MADRID • Catalan leader Carles Puigdemont said early today that he had the mandate to seek independence for Catalonia and called for dialogue with Spain.
Addressing the regional Parliament in Barcelona, he said the results of the Oct 1 referendum that overwhelmingly backed independence meant he had to follow the will of the people.
Avoiding a call for immediate independence, he called on the regional Parliament to suspend the effects of the declaration of independence to hold talks, saying the current relationship with Spain was unsustainable and that a new understanding with Madrid was needed.
He said the “conflict” with Spain could be resolved in a negotiated way and that it was worth exploring international mediation.
Mr Puigdemont had been under growing pressure to drop plans to declare independence from Spain. Late yesterday, Madrid and the European Union warned him against declaring independence.
Spanish police were ready to arrest Mr Puigdemont immediately if he made such a declaration, The Washington Post reported, citing two people familiar with the government’s plans.
Spanish Prime Minister Mariano Rajoy vowed to use all the legal means at his disposal to prevent Catalonia seceding, and has deployed thousands of national police in cruise ships in the Port of Barcelona.
Mr Rajoy has remained vague on whether he would take the unprecedented step of triggering Article 155 of the Constitution, the so-called nuclear option which enables him to sack the regional government and call a local election.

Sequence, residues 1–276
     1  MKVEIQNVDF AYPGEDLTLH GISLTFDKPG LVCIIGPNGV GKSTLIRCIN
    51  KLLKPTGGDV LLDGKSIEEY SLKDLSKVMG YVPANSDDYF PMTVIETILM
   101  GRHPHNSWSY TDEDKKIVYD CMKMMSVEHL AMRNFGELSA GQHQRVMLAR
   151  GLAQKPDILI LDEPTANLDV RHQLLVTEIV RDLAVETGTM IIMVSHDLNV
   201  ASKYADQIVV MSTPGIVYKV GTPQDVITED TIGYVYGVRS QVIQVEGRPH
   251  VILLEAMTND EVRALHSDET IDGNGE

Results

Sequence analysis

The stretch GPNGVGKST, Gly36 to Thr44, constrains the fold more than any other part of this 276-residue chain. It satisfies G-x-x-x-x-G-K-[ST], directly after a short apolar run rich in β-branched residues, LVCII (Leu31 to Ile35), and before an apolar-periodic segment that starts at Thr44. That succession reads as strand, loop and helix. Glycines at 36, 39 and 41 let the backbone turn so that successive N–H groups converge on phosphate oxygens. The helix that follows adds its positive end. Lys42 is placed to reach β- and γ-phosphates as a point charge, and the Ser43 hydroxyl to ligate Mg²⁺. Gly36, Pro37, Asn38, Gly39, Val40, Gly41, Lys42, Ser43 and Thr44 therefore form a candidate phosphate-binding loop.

“We call on Puigdemont not to do anything irreversible, not to pursue a path of no return and not to make any unilateral independence declaration,” Spanish government spokesman Inigo Mendez de Vigo told reporters.
EU president Donald Tusk also urged Mr Puigdemont against making a decision that would make “dialogue impossible”.
Mr Rajoy all along has said he will use only proportionate force in dealing with the separatist government in Barcelona.
Even so, prosecutors have been exploring charges of sedition against other separatist leaders, including Mr Jordi Sanchez, head of the biggest pro-independence campaign group.
Sedition carries a jail term of up to 15 years.
The national police and civil guard have sufficient officers in place to overcome any resistance they might meet, according to a source familiar with the government’s preparations, who asked not to be named as the plans were meant to be confidential, The Washington Post reported.